DALLAS (CBSDFW.COM) – The U.S. Supreme Court is set to look at a controversial topic on Tuesday. The debate is over employers offering health insurance that covers the cost of birth control. Hobby Lobby said that it would have to pay more than $1 million a day in fines if it violates the Affordable Care Act as written.
Planned Parenthood has called this a battle over women’s access to contraception.READ MORE: Crowley ISD Dropping Mask Mandate As COVID-19 Case Numbers In School District Drop
The Affordable Care Act states that companies need to provide health care that covers all forms of contraception at no cost. However, the owners of Hobby Lobby, which is a privately-owned comapny based in Oklahoma, filed a lawsuit and said that this conflicts with their religious beliefs.
The law exempts religious nonprofits, but some for-profit companies are trying to convince the court that they are also entitled to an exemption.
“It’s our rights that are being infringed upon, to require us to do something that’s against our conscience,” stated Hobby Lobby co-owner David Green.
“It’s not about whether women can take it or not. We’re not trying to control that,” explained Hobby Lobby co-owner Barbara Green. “We’re just trying to control our participation in it.”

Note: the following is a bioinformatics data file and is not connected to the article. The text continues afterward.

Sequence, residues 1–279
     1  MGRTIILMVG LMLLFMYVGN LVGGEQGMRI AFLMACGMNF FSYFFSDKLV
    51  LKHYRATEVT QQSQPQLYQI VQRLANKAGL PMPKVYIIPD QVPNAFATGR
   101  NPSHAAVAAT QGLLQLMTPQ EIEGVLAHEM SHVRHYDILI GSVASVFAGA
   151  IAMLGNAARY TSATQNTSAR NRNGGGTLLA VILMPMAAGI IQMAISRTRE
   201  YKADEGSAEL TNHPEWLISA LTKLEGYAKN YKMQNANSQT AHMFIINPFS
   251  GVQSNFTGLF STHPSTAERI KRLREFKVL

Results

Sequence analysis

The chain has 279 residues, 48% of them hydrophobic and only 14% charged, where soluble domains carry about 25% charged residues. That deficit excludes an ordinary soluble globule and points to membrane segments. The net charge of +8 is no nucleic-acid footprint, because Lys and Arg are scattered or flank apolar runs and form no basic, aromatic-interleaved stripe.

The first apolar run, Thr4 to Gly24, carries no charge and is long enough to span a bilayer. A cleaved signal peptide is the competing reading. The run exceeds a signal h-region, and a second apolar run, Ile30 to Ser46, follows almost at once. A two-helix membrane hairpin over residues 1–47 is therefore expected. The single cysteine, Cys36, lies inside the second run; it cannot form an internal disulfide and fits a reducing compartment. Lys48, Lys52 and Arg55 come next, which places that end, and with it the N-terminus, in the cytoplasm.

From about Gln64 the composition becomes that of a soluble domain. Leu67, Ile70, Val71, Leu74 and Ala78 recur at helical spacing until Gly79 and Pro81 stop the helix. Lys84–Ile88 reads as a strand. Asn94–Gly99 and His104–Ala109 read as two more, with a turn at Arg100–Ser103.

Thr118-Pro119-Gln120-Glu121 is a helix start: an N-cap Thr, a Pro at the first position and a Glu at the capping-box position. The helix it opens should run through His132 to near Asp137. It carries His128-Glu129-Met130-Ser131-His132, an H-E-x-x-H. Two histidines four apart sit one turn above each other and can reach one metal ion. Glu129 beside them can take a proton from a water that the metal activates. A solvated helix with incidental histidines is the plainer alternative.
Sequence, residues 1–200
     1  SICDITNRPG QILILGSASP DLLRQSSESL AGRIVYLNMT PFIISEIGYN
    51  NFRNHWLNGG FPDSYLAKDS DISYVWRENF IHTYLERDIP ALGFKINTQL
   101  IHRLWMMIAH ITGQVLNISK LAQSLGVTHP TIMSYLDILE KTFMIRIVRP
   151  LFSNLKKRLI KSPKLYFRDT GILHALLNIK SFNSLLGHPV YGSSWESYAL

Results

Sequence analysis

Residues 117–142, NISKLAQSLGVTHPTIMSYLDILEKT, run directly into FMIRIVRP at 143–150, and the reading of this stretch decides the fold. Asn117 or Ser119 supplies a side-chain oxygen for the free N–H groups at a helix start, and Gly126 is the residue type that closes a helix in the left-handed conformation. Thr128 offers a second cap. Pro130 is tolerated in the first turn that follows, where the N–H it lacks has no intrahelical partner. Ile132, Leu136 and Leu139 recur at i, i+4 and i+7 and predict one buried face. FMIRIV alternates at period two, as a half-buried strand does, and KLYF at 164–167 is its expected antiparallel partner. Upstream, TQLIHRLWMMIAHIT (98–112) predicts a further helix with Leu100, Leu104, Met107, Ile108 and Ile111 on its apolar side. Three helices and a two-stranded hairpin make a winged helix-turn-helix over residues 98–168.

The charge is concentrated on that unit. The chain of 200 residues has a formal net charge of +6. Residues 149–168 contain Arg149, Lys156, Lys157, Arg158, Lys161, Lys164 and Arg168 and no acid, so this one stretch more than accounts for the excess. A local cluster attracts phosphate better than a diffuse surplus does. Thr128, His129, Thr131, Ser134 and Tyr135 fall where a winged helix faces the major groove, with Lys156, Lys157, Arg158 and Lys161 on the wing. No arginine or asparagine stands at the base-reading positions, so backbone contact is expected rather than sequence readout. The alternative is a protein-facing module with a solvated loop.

Hobby Lobby said that they do not object to every part of the contraceptive mandate. Lawyers said that the company is only opposed to drugs or devices that end human life after conception. The arts and crafts company is not alone in this fight. Dozens of other companies have filed similar cases.
“They believe that these drugs could take a human life, that they would be tantamount to abortion,” explained Lori Windham, an attorney who is representing Hobby Lobby, “and that’s not something they can be a part of.”READ MORE: Mavericks Fans Must Bring COVID-19 Vaccine Card Or Proof Of Negative Test To Attend Dallas' Home Opener
Supporters of the law say that it protects women’s health care choices. “I don’t need an employer coming into my exam room and telling me how to treat a patient,” said Jeanne Conry, president of the American College of Obstetricians and Gynecologists.
“The worry is, if they’re allowed to discriminate against this health care decision that they don’t agree with, what others will they be able to deny their employees in the future,” said Kelly Hart with Planned Parenthood.
Demonstrators from both sides of this issue are protesting outside of the U.S. Supreme Court on Tuesday. The court is expected to make a ruling by this summer.
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